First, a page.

• We offer our people the opportunity to move ahead more rapidly than is possible at most other places. Advancement depends on merit and we have yet to find the limits to the responsibility our best people are able to assume. For us to be successful, our men and women must reflect the diversity of the communities and cultures in which we operate. That means we must attract, retain and motivate people from many backgrounds and perspectives. Being diverse is not optional; it is what we must be.
  • We stress teamwork in everything we do. While individual creativity is always encouraged, we have found that team effort often produces the best results. We have no room for those who put their personal interests ahead of the interests of the firm and its clients.
  • The dedication of our people to the firm and the intense effort they give their jobs are greater than one finds in most other organizations. We think that this is an important part of our success.
  • We consider our size an asset that we try hard to preserve. We want to be big enough to undertake the largest project that any of our clients could contemplate, yet small enough to maintain the loyalty, the intimacy and the esprit de corps that we all treasure and that contribute greatly to our success.
  • We constantly strive to anticipate the rapidly changing needs of our clients and to develop new services to meet those needs. We know that the world of finance will not stand still and that complacency can lead to extinction.
  • We regularly receive confidential information as part of our normal client relationships. To breach a confidence or to use confidential information improperly or carelessly would be unthinkable.
  • Our business is highly competitive, and we aggressively seek to expand our client relationships. However, we must always be fair competitors and must never denigrate other firms.
  • Integrity and honesty are at the heart of our business. We expect our people to maintain high ethical standards in everything they do, both in their work for the firm and in their personal lives” [2]

When compared to the ethics inherent in the modernist educational system these 14 business principles share very little with a culturally interdependent worldview promoted through our general education in primary and secondary schools, and for that matter reputable Colleges and Universities, where the virtues of care and compassion together with ideals valuing inquiring, knowledgeable and caring young people are considered central to the advancement of humankind.

Values inherent within General Education Goldman Sachs Group Core Values based on 14 Business Principles
  • Character Formation of Youth
  • Inquisitive, Knowledgeable Caring Youth
  • Create a better , peaceful World
  • Intercultural understanding and respect
  • Compassionate Learners
  • Unity through diversity

 

  • Service through self interest
  • People are assets
  • Profit over people
  • Uncompromising corporate ethic
  • Unchanging and inflexible “the old way may be the better way”
  • Meritocracy and Group ‘think’ ethos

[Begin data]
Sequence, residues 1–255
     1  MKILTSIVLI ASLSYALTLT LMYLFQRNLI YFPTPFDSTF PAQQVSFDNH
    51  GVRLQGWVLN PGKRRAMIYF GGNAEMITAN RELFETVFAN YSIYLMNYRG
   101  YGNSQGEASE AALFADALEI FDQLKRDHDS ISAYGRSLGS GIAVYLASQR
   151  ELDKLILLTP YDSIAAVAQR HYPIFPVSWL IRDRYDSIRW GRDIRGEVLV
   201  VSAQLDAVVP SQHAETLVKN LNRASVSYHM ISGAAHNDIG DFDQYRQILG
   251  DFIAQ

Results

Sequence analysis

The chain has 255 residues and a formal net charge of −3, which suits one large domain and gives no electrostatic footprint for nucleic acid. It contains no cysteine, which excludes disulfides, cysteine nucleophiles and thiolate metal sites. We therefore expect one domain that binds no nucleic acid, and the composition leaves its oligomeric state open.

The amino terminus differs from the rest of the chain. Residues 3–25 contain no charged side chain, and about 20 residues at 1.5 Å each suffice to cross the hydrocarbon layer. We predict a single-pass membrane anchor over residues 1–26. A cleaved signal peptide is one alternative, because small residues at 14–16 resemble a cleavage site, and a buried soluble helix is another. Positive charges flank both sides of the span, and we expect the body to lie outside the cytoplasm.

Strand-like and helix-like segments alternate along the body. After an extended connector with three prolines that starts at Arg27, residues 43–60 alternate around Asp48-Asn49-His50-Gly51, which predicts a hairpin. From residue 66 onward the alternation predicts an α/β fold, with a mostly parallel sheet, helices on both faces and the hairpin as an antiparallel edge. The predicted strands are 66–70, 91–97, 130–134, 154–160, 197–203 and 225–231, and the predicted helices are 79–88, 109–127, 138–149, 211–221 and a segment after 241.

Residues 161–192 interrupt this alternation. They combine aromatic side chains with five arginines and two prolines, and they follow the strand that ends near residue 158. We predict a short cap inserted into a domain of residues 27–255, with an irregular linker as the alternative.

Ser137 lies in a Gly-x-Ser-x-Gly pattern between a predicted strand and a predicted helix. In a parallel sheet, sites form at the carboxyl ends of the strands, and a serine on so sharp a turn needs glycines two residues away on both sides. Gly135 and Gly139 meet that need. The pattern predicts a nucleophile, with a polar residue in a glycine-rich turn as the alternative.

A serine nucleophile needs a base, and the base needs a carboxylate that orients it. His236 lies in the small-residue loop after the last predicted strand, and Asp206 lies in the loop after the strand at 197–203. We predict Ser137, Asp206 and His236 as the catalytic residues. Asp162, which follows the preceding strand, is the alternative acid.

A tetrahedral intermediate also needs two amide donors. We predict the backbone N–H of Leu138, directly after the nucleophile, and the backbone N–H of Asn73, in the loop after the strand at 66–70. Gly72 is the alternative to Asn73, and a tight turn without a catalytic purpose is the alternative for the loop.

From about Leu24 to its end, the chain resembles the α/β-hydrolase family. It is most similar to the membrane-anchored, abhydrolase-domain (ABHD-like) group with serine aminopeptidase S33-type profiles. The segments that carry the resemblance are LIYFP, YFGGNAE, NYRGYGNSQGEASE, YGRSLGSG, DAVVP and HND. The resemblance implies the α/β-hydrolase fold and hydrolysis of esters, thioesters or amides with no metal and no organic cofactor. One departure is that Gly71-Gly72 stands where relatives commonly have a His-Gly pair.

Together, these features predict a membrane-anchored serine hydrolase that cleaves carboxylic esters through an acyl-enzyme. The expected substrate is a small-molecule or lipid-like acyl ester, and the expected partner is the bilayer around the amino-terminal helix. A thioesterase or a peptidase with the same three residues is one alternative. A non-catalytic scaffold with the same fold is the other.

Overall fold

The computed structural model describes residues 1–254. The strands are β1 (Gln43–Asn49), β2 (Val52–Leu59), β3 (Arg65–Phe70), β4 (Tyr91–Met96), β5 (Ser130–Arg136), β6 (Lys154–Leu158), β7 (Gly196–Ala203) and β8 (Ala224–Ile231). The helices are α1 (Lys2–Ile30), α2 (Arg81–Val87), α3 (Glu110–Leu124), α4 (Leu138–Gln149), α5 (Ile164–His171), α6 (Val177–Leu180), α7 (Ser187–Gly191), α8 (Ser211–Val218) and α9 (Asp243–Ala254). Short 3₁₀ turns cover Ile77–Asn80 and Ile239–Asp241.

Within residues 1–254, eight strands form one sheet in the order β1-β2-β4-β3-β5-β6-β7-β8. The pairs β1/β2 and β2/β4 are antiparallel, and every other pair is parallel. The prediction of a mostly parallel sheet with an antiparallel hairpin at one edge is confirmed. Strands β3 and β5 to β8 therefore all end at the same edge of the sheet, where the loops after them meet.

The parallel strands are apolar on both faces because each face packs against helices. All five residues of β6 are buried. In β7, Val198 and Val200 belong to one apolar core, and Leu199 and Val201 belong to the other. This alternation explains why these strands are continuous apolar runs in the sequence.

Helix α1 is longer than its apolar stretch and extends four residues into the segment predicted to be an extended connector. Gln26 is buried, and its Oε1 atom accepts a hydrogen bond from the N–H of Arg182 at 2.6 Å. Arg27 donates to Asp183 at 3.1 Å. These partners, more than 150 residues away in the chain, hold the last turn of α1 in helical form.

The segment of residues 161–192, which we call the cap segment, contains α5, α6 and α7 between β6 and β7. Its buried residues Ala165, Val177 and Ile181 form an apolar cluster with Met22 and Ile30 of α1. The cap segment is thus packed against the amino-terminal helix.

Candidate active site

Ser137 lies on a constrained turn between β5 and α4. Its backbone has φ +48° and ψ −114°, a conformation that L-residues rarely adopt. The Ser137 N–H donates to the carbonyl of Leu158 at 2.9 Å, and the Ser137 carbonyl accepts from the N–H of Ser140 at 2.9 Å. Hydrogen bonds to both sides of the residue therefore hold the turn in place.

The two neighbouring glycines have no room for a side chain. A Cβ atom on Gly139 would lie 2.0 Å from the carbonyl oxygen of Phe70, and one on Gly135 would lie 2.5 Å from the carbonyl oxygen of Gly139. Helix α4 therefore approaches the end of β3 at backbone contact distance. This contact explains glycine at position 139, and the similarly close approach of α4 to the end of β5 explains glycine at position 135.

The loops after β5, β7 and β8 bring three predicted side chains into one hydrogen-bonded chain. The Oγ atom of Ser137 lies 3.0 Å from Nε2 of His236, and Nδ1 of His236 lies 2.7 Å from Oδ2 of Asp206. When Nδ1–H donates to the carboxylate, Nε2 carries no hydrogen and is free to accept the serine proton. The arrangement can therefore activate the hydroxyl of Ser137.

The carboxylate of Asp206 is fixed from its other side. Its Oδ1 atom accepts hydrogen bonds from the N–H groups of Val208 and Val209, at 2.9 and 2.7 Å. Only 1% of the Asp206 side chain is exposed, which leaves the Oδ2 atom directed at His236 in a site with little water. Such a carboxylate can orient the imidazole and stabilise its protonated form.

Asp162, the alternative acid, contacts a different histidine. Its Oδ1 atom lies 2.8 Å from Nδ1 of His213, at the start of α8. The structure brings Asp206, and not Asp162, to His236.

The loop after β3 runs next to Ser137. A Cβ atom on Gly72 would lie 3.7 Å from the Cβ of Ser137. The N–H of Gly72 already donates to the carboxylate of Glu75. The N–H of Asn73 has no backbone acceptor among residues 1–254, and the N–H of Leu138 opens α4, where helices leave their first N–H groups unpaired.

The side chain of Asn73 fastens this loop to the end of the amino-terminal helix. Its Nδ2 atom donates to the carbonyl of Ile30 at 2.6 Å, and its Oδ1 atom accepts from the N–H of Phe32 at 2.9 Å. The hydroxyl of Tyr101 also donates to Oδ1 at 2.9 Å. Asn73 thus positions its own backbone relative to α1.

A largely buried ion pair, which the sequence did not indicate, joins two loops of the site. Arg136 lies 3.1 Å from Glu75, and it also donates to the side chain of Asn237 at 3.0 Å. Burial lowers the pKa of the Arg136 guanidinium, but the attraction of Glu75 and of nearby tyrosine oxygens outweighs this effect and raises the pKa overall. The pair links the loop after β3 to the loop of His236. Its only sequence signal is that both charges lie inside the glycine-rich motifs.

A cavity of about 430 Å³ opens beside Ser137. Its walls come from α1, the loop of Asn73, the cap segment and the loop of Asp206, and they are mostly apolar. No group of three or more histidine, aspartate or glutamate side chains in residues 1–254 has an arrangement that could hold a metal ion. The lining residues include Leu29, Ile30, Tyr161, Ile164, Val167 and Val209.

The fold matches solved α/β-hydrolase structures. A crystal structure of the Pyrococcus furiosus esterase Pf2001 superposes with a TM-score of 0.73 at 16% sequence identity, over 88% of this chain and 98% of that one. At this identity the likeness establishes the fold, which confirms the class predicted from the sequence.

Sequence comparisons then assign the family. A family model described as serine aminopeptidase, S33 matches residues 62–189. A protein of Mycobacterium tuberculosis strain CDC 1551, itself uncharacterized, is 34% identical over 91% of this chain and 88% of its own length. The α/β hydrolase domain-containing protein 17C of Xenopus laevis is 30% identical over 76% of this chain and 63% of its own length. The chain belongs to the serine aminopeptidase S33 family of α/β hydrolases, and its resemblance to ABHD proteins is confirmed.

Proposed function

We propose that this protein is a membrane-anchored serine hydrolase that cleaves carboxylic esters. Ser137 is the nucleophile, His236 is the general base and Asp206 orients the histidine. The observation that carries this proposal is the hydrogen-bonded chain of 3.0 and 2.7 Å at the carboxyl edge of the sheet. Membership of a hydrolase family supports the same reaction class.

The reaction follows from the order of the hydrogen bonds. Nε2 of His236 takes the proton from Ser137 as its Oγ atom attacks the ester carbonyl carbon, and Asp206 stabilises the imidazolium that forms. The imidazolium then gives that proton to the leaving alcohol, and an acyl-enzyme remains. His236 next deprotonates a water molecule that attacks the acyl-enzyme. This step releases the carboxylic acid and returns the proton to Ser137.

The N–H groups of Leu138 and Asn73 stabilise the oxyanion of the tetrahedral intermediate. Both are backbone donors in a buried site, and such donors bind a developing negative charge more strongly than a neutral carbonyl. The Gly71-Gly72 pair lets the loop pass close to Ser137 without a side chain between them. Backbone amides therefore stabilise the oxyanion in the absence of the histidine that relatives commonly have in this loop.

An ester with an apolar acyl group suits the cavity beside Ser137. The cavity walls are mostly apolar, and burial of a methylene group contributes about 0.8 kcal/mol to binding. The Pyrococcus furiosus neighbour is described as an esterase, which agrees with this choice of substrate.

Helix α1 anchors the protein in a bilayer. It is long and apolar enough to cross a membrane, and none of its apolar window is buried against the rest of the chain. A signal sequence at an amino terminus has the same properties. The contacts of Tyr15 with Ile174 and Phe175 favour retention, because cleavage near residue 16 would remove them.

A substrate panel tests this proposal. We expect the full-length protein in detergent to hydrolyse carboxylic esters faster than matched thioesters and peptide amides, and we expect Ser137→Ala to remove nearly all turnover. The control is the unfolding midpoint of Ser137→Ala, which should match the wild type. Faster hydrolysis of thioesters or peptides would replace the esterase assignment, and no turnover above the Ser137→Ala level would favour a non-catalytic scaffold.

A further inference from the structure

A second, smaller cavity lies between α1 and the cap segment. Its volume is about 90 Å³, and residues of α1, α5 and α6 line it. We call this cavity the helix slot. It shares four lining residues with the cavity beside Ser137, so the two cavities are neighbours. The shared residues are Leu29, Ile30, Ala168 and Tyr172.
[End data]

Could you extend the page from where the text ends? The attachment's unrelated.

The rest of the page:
• Individuality is spurned
  • Loyalty to corporate culture
  • Limited vision: Finance is the world
  • Conflicting ethics : aggressive integrity and honesty
  • Integrate corporate values into personal life

 

When the inherent assumptions and values of the banking sector, which seem to include corrupt, and questionable (some would argue illegal) business practices, aggressive competitiveness, corporate conformity and youth as cultural capital, are juxtaposed with the values and principles of a sound rational primary and secondary education, one begins to see how these ideals and values are able to be corrupted, compromised and undermined at the end of a young person’s formative years in the educational system.

In taking the moral high ground in their mission statement and set of business principles, Goldman Sachs may well claim that such actions of which they have been accused of several times in the past 15 years, are “unthinkable”; yet clearly in the exceedingly competitive world of corporate power and commercial finance, are permissible if you don’t get caught. The recent SEC findings confirm this viewpoint. While this may sound harsh and somewhat judgmental, one needs to consider that Goldman Sachs, along with the majority of the banking sector are corporate organizations which on the one hand deal in the high risk, high stakes financial trading, where values of vociferous competitiveness, absolute corporate power, unbridled wealth and success at what ever cost, outweighing any values of cooperation, compassion, justice and the equitable sharing of our material resources. Cleverly, Goldman Sachs corporate actions are masked by their philanthropic wing which is seen through the public gaze as promoting and even fostering values associated with excellence in education and a successful career at the end of a college and/or University education. I would assert that it is only in a system of schooling, and a world of work where our lives are able to be compartmentalized, that such pathways to success can be validated morally, socially and politically. There seems little hope for positive, ethical change in the long term.